Alsop’s São Paulo is “a megacity. It’s 20 million people. It’s huge. Enormous. It’s sprawling. It’s like urban on steroids. It’s a very, very different experience.
“For me, Brazil, and São Paulo in particular, is all about ideas and possibility — and I love both of those things. The orchestra goes from strength to strength.”
But Dilma’s austerity efforts are coloring Marin’s musical successes. “It’s a rough moment right now because the economy of Brazil is kind of tanking,” Alsop says. “It’s interesting because I’ve lived through this in many places in the U.S., so I feel that it’s a good moment for me to be there because I can bring some measure … I mean, within the realm of my understanding.
“Of course, Brazilian politics and hierarchy is beyond me, but at least I’ve survived [crises] a few times, and so I can be a voice of calm and try to help them gear things in the right direction. But I would say that this is a … it’s like diving into a big, I don’t know, sort of chaotic cauldron of possibility. That’s what it feels like to me — and I love it.”
Big cities face tough challenges, and Alsop is learning to focus her advocacy. Sometimes a seemingly simple issue can become a complex mess, limiting her possibilities. Sixteen years ago, São Paulo converted an old, rectangular train station into the remarkable “shoebox”-style concert hall where Alsop conducts. It’s adjacent to the unfortunately nicknamed “Cracolândia,” where concertgoers headed from the nearby metro share sidewalks with crack cocaine users. The problem is aggravated by local squabbles between haves and have-nots, nationally debated in terms of personal autonomy vs. human tragedy and written into vérité telenovelas filmed near Sala São Paulo.
The city’s troubled sidewalks are “not an issue that I’m going to be able to resolve. That I do understand. I think I can impact, at least, perhaps, how orchestras may look in Baltimore — how the orchestra may look in 20 years in terms of the demographic makeup. But these are systemic problems in Brazil that need to be resolved from, I think, a much more fundamental place.”
Straight talk at London’s Last Night
Orchestra demographics were very much on Alsop’s mind this September, when she roused the better half of London’s partying crowd at its Last Night of the Proms — the national concert spectacle that’s equal parts Edward Elgar and Austin Powers — with witty, if pointed, remarks on numbers that need changing.
Speaking to her second Last Night crowd, Alsop, who in 2013 was the first woman to conduct the famed celebration, told fellow revelers in Royal Albert Hall: “When I was last with you for this amazingly wonderful and slightly wacky celebration, I shared how proud I was to be the first woman to conduct the Last Night of the Proms. I have to share, though, that I am even more proud to be the first second woman — maybe it’s the second first woman; I’m not sure.
“What excites me is that now we’re going to see the third, the fifth, the tenth, the hundredth woman to follow me because we have to work toward a more just and equal playing field for women.”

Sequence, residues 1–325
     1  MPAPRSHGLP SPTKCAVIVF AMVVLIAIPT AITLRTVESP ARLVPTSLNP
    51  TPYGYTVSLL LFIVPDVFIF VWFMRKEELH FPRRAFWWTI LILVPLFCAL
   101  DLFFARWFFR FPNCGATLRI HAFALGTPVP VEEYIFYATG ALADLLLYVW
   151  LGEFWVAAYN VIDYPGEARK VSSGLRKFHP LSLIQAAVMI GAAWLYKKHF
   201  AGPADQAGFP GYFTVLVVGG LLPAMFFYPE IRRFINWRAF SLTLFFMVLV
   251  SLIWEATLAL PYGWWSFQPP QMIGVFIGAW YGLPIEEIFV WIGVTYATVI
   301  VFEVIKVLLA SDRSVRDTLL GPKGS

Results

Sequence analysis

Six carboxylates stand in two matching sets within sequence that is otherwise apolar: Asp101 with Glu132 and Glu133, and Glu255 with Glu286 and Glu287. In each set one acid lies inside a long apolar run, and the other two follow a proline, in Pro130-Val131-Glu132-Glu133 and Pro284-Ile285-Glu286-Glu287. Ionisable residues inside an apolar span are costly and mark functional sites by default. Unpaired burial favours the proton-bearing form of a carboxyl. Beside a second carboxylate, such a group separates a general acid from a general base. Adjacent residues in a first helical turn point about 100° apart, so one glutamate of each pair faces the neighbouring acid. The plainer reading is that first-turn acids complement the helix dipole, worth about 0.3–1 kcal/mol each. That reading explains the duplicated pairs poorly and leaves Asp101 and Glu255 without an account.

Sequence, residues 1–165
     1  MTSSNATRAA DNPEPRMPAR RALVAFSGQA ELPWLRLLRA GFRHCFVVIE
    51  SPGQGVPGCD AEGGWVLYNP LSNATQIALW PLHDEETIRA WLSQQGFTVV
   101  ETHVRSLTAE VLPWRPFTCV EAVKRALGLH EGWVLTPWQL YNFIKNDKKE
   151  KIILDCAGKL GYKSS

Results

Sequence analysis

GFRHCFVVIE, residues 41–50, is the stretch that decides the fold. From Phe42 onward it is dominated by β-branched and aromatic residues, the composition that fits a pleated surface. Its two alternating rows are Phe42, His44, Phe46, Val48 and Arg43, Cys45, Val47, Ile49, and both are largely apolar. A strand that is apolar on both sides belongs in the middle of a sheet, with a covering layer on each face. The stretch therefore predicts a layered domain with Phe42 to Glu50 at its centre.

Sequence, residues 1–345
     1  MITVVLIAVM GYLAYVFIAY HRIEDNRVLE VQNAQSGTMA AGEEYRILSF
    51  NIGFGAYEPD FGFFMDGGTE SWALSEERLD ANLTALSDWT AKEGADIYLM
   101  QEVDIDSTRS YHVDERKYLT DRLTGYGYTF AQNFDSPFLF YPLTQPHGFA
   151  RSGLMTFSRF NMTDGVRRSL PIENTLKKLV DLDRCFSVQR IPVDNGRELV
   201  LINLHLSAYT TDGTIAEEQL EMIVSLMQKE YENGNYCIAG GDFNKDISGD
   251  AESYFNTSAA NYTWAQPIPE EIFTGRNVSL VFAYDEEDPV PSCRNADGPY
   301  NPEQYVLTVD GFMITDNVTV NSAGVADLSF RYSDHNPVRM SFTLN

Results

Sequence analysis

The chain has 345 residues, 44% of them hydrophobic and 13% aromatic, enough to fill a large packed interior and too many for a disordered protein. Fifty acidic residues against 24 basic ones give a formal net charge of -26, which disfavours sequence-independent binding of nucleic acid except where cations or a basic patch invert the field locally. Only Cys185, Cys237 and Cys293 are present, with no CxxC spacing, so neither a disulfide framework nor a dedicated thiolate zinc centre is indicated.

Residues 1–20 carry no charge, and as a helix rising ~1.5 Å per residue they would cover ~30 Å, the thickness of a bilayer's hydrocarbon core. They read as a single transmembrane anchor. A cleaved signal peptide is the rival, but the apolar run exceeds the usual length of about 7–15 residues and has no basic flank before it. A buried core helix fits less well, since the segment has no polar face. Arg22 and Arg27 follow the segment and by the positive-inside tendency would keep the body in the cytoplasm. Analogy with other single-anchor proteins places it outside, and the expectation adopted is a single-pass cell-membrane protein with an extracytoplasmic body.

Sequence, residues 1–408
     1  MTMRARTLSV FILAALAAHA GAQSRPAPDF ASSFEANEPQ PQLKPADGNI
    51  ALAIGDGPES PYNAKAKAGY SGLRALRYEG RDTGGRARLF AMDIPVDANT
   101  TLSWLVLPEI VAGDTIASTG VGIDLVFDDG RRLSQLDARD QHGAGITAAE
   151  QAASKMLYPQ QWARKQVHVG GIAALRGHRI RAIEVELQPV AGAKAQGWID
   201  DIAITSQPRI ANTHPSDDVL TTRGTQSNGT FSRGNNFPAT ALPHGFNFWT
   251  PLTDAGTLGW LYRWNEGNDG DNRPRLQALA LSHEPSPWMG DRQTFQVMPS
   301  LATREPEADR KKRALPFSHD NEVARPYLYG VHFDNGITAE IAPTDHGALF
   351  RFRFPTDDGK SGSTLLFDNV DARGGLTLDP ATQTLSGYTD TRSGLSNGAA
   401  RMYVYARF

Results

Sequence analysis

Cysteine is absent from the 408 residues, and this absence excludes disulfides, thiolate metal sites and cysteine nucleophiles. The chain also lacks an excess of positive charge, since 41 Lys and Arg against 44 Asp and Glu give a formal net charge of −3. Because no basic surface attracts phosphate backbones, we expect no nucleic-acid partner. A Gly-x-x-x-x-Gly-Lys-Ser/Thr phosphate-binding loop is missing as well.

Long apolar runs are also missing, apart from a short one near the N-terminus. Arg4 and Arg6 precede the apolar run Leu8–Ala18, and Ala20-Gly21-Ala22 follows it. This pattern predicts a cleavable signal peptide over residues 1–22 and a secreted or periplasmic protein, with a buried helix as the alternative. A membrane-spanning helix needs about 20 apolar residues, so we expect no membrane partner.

Apparently Switzerland’s Lucerne Festival was listening. Six weeks later, the month-long festival announced 11 women will lead concerts next summer, Alsop included. Lucerne is nicknaming the effort “PrimaDonna.” “I think it’s pretty cool,” she says. “I’m really thrilled about it. I think it’s a wonderful first step.
“The trick is not to make it a one-time experience, so that women are represented always. I think of women conductors, but I think also of women composers who really should be part of the mainstream repertoire performed by orchestras, and often are relegated to when they do a festival of women’s music, or something like that, which is all lumped together.” She shares an ironic laugh. “Let’s get those women over with right now!”
First time in downtown Chicago
So Alsop is helping a London composer she introduced to São Paulo audiences write more music for Baltimore: Anna Clyne, recently the CSO’s co-composer in residence, who assumed that singular post with Alsop’s BSO this autumn. Clyne keeps her familiar Chicago spotlight, too; Alsop leads off her CSO concerts here with the festive Masquerade, which the composer wrote and the conductor led for London’s Proms two years ago.
In July, Alsop and Clyne were also São Paulo collaborators for The Seamstress, the composer’s new violin concerto, which soloist Jennifer Koh and the CSO had just premiered in Chicago. Violinist Koh was headed to São Paulo next, so in an interview last spring with Clyne, I asked her about what struck me as an uncommon confluence — a woman composer, conductor and soloist partnered for a new work with a major symphony orchestra.
Clyne’s reply was polite but curt. “A happy coincidence.”
So I put the same question to conductor Alsop and got a similarly short answer. “I didn’t even notice it.”
Alsop’s come to expect fumbled questions about her unique role atop the world’s podiums, and she handles them gracefully. In Baltimore, Sao Paulo, London — and now Chicago — Alsop realizes that success as music’s most visible maestra is a change new to some and welcome for many, if increasingly familiar by her own thinking.
The composer’s “happy coincidence.” A conductor who “didn’t even notice.” I tell Alsop I’m wondering if I’m the one with the perception problem — and think that I might be — which garners a bemused chuckle from the forgiving neighbor who’s all about building community.
“Yep. Maybe that’s true.”
Andrew Huckman is a Chicago-based lawyer and writer.
TOP: Marin Alsop leads members of the Baltimore Symphony Orchestra in an impromptu community concert after protests rattled the city earlier this year. | Photo: Amy Davis/Baltimore Sun (courtesy of the Baltimore Sun)